Creative Commons: What Is It And How Can It Benefit You?

This is a cross-posting from The Creative Penn site, where it appeared on 9/13/09.

I went to a fantastic workshop this weekend at the Brisbane Writers Festival on Creative Commons. It was presented by Elliott Bledsoe, who is Project Officer at Creative Industries and Innovation in Australia and a wealth of information in this area. (You can find him on Twitter @elliotbledsoe). All the detailed information is at:

This is such important information for authors online so please read and share!

What is Creative Commons?

  • It is a version of copyright licensing, and it relates to your creative works. The basic Copyright law says that no one can copy or distribute your work, or use it, remix it or profit from it. This law becomes impractical in the digital environment where sharing, remixing, distribution and marketing are so important. Creative Commons licensing is a license you can put on your work to allow some of these things and make Copyright work for you and your creativity. Read this for the full lowdown on Creative Commons.
  • You can license your work for different purposes. The main aspects are Attribution (you let others use/distribute your work but you must be attributed as the creator), Share Alike (you can use my work but you must share your own work too), Noncommercial (you can use my work but you can’t profit from it), No Derivative Works (you can use my work verbatim but you can’t remix it or change it). For more on the different licenses, read this. People can approach you for options beyond the license e.g. you have a novel released under Creative Commons which is Noncommercial but someone approaches you with a movie idea based on it that will be sold. You can still allow them permission.

How can it benefit you as an author?

  • On Piracy vs Obscurity. You need to make your own decision as to whether you want your ideas to be out there and used (and potentially pirated), or whether you want to keep them in a drawer where no one will discover them. If you want to be a successful author who sells books, you need to be known and the internet is the place to build your global presence. The risk of piracyis nothing compared to being unknown. Cory Doctorow addresses this in “Giving it away”, a article where he describes giving the ebook versions of his books away for free under a Creative Commons license. His sales increased but his books were also translated by fans and his ideas spun into new creativity.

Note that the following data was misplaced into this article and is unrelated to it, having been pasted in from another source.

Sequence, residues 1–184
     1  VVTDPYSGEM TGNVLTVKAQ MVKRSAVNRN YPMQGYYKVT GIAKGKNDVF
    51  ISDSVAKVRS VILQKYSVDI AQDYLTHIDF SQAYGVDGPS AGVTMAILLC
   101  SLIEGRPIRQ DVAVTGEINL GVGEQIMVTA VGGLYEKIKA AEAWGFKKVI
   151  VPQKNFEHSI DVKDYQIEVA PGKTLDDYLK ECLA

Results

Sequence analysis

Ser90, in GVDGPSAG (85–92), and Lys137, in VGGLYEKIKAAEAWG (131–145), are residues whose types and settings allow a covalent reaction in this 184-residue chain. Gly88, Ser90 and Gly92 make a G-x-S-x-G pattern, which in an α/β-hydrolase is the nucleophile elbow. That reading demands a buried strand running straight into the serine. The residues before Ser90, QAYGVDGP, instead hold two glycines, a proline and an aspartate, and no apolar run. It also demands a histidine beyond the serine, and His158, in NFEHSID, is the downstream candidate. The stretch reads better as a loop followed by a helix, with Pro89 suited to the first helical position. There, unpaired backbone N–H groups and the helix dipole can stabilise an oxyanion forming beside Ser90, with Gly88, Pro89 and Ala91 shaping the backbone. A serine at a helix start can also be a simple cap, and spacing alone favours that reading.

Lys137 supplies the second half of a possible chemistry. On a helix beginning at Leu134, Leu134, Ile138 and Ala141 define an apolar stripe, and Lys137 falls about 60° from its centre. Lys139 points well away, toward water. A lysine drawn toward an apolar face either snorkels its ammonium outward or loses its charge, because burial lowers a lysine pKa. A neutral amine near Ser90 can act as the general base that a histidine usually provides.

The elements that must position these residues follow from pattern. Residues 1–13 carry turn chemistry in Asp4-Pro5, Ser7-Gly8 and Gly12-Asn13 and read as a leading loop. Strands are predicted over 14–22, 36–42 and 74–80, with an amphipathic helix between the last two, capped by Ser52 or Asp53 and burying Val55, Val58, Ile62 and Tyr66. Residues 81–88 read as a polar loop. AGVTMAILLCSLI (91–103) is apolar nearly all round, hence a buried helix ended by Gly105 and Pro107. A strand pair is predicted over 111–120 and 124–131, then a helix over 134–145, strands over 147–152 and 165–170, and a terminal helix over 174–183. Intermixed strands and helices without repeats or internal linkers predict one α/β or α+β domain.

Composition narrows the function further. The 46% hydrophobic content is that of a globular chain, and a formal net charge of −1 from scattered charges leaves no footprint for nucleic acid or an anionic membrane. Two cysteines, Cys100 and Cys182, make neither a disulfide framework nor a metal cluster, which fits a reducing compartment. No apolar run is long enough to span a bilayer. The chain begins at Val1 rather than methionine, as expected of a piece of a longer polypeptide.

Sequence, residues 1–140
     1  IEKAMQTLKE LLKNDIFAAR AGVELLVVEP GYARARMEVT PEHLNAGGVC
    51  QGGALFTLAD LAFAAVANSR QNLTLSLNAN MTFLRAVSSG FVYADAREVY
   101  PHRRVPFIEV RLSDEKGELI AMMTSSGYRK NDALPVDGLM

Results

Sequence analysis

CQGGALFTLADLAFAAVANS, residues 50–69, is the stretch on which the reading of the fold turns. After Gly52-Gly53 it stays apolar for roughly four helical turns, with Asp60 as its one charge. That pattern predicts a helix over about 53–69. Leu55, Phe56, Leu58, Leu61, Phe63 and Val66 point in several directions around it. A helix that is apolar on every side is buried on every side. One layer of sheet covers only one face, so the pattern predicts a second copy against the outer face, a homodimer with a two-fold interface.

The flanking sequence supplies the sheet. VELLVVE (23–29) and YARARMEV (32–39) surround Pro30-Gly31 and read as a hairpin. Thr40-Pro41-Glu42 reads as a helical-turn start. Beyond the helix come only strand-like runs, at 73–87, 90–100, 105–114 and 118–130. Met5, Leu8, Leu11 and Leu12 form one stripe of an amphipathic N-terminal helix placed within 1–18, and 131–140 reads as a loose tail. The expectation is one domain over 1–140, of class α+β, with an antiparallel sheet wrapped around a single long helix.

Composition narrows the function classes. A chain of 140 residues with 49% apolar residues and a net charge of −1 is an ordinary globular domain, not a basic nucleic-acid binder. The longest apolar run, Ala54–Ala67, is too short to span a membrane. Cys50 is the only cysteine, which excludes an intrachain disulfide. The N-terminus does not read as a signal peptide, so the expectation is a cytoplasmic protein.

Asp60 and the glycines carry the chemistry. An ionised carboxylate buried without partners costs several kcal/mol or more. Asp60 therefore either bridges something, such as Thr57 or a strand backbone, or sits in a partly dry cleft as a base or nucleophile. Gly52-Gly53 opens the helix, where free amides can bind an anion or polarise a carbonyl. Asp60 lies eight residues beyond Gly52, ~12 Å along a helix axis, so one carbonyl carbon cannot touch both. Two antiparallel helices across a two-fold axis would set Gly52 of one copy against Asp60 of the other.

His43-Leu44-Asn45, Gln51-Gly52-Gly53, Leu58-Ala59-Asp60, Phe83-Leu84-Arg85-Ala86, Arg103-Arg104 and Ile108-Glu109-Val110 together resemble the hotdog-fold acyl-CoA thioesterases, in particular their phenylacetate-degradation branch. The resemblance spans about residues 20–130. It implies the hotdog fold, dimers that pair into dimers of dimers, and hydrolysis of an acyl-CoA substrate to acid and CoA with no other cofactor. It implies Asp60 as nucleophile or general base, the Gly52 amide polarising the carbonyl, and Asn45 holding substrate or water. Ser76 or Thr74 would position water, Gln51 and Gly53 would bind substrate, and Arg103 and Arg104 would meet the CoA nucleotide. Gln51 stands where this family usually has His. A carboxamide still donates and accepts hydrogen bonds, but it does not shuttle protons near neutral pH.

• “Share your creative wealth and accomplish great things”. This is a quote from the video at the bottom of the page which explains Creative Commons in a great way. The internet has changed the way we produce and consume information. We all find ideas everywhere now. We put our thoughts and text online in the hope of building an author platform, or selling our books/products or finding an audience. Other people may get ideas from our work, and Creative Commons enables a legal way for them to re-use or remix it. This has started in mainstream books now with the success of Pride and Prejudice and Zombies, a remix of Jane Austen. Is it fan-fic or a remix of a Public Domain book?
  • Collaboration and Creativity. Expanding the theme of fan-fic and remixes, licensing under Creative Commons gives people the ability to take your work and recreate it in different ways based on your ideas. This could spread your work much farther than you could do on your own and may lead to some extraordinary ideas you can take and reuse in your turn. Is your idea your own? or can you release it and see what happens to it out there in the big wild?

How can you license your work as Creative Commons?

  • Advice from Elliott was: Have a really good think before you do license as Creative Commons. Are you really happy for people to use your work? Can they make money from it? Can they remix it? Only license once you are sure.

How do I find other authors and creatives using Creative Commons?

  • You can find works licensed under Creative Commons by including it as a Search term on sites like Google and Flickr. Many of the images I use on this site are Flickr Creative Commons and I add Attribution to each one. Use the Advanced Search option. You can also use
  • I have now licensed this site under Creative Commons Attribution-Noncommercial-Share Alike 2.5 Australia License, you can see this on the sidebar under my books. This license applies to the blog content and does not currently apply to my workbooks, Author 2.0 material and published books. This means that you can use my posts on your own websites, books and projects as long as you attribute me and this site as the original creator, share the work derived from it and don’t make income on it. Start with this one and spread the word about Creative Commons! You can see all the international licenses here